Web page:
The Babcock (LSE:BAB) share price has been on a downward trajectory since 2014 due to management and accounting issues. But it seems investors may have just caught a break because the share price exploded by nearly 35% this morning.
So what’s changed? Why is the stock price suddenly rising? And should I be adding this business to my portfolio?
The explosive Babcock share price
The Babcock share price wasn’t off to a particularly good start in 2021 before today. After new management stepped up to the plate, a trading update was released. It announced that an internal review was underway that would likely result in a negative re-evaluation of the firm’s assets.
This is evidently not a positive thing to hear. However, as new management takes a more transparent approach to running the business, it seems that Babcock’s days of aggressive accounting may be over. At least, that’s what I see. This morning, the company released another update that appears to be the primary catalyst behind Babcock’s exploding share price.
Balance sheet impairments are estimated to be around £1.7bn. And operating profit will be £30m less each year as well. Comparing this revised figure to pre-pandemic underlying income, that’s approximately 10% of profits disappearing. Needless to say, this is not good news, so why did the share price go up?
Beyond removing a lot of uncertainty, the new management team is restructuring the business. Managerial layers are being eliminated to save £40m per year. Certain assets are being divested to raise a minimum of £400m before the end of 2021. And the firm’s net debt (excluding its lease liabilities) has fallen to £750m down from £1.2bn in December.
It is too soon to tell whether the new management team is pursuing the right strategy. But investor confidence is high. And that’s something Babcock hasn’t had in a long time.
Taking a step back
Restructuring a business is not a cheap or straight forward process. There are many costs associated with it that are likely to cause some short-term volatility in the Babcock share price. But even if the contract impairments are ignored, the business’s underlying profit still fell by 36% this year. In fairness, this is during a time of a global pandemic, so I think it’s likely to only be a temporary performance drop. However, it’s something I’ll be keeping an eye on in the future.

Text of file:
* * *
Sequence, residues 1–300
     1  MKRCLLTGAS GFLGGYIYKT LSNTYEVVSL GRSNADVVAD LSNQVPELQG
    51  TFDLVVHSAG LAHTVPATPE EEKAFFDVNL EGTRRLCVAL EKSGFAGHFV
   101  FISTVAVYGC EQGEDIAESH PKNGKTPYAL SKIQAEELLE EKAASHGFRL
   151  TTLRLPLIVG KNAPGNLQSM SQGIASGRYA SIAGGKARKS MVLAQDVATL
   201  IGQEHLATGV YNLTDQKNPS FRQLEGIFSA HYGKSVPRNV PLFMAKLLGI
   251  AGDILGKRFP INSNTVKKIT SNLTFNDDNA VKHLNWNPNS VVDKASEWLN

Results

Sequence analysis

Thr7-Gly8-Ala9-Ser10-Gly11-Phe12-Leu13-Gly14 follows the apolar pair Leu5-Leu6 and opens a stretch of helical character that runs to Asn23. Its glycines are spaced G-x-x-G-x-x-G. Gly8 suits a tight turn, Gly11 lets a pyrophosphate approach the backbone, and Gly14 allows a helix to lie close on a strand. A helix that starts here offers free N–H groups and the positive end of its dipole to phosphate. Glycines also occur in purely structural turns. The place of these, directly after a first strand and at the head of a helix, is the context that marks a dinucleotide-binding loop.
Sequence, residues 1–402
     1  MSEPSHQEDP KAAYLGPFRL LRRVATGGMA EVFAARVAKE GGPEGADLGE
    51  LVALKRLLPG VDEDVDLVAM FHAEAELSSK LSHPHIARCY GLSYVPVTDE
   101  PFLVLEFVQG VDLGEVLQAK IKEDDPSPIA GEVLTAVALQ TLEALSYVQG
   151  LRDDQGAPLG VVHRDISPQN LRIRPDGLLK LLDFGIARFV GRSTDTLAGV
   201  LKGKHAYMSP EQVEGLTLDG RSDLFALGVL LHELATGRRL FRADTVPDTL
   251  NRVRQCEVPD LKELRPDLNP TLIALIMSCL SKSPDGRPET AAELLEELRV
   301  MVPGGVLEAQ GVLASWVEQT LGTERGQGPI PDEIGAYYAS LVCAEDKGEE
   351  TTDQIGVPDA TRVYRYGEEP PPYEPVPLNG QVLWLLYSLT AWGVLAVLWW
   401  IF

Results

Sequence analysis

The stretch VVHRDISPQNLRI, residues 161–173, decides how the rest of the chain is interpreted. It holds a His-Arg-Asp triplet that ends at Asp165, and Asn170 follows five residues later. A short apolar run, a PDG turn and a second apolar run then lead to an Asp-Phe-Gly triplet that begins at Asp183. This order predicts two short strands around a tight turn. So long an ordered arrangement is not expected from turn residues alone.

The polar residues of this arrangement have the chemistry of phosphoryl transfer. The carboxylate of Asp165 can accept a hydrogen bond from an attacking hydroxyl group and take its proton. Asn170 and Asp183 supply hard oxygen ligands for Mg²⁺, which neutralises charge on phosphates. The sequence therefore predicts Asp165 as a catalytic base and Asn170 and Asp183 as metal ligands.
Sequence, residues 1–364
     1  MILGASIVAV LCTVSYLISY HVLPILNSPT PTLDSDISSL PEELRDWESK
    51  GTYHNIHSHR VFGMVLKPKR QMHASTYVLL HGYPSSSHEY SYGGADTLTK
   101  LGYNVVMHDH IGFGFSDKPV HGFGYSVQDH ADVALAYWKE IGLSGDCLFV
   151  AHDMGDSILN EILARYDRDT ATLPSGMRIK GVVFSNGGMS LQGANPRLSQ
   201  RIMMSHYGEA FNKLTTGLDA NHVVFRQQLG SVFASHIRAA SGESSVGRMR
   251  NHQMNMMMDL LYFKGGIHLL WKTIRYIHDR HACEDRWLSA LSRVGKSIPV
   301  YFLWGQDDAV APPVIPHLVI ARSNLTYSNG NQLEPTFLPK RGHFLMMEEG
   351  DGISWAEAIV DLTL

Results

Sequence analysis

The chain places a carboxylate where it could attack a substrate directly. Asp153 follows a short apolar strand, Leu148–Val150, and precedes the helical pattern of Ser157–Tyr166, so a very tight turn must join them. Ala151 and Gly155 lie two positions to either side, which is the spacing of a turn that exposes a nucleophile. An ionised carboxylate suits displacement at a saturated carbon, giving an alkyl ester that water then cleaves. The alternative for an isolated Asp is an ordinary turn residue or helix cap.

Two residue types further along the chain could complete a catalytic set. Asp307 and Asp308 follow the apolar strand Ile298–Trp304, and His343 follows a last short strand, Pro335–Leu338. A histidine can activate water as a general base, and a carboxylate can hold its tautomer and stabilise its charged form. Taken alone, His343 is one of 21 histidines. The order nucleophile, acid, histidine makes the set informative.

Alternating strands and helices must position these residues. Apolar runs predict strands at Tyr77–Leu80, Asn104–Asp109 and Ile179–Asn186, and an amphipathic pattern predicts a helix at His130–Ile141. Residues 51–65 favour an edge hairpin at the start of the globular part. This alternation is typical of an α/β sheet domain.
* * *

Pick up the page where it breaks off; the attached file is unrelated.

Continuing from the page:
A closer look at the balance sheet write-offs reveals that the vast majority of it originates from intangible assets, specifically goodwill. As a reminder, goodwill represents the premium paid when acquiring another business. And so, removing around £1bn of value from the books is a clear indicator to me that the firm vastly overpaid for historic acquisitions. While these were made under previous management, I would be quite concerned if a new acquisition were announced in the near future.
The bottom line
To me, Babcock looks like it could be at the start of a long-awaited turnaround. Once the restructuring is complete, and if the new strategy proves to be viable, then I believe the Babcock share price will continue to climb over the long term. But personally, I want to wait and see how things unfold during 2021. And so, the company is staying on my watch list for now.
Zaven Boyrazian does not own shares in Babcock. The Motley Fool UK has no position in any of the shares mentioned. Views expressed on the companies mentioned in this article are those of the writer and therefore may differ from the official recommendations we make in our subscription services such as Share Advisor, Hidden Winners and Pro. Here at The Motley Fool we believe that considering a diverse range of insights makes us better investors.